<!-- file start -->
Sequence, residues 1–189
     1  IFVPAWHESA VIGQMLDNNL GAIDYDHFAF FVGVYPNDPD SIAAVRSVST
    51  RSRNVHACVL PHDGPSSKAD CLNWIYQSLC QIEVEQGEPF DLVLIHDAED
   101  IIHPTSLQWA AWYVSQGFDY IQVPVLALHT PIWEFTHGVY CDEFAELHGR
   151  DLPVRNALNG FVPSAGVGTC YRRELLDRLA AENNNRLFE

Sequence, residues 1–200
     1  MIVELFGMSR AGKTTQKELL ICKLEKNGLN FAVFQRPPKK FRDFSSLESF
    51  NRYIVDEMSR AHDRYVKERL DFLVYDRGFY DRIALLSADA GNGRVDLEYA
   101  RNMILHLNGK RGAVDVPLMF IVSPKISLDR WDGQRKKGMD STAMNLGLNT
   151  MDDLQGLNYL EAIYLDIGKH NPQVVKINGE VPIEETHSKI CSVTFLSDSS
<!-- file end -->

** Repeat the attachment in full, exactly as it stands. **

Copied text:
Sequence, residues 1–189
     1  IFVPAWHESA VIGQMLDNNL GAIDYDHFAF FVGVYPNDPD SIAAVRSVST
    51  RSRNVHACVL PHDGPSSKAD CLNWIYQSLC QIEVEQGEPF DLVLIHDAED
   101  IIHPTSLQWA AWYVSQGFDY IQVPVLALHT PIWEFTHGVY CDEFAELHGR
   151  DLPVRNALNG FVPSAGVGTC YRRELLDRLA AENNNRLFE

Sequence, residues 1–200
     1  MIVELFGMSR AGKTTQKELL ICKLEKNGLN FAVFQRPPKK FRDFSSLESF
    51  NRYIVDEMSR AHDRYVKERL DFLVYDRGFY DRIALLSADA GNGRVDLEYA
   101  RNMILHLNGK RGAVDVPLMF IVSPKISLDR WDGQRKKGMD STAMNLGLNT
   151  MDDLQGLNYL EAIYLDIGKH NPQVVKINGE VPIEETHSKI CSVTFLSDSS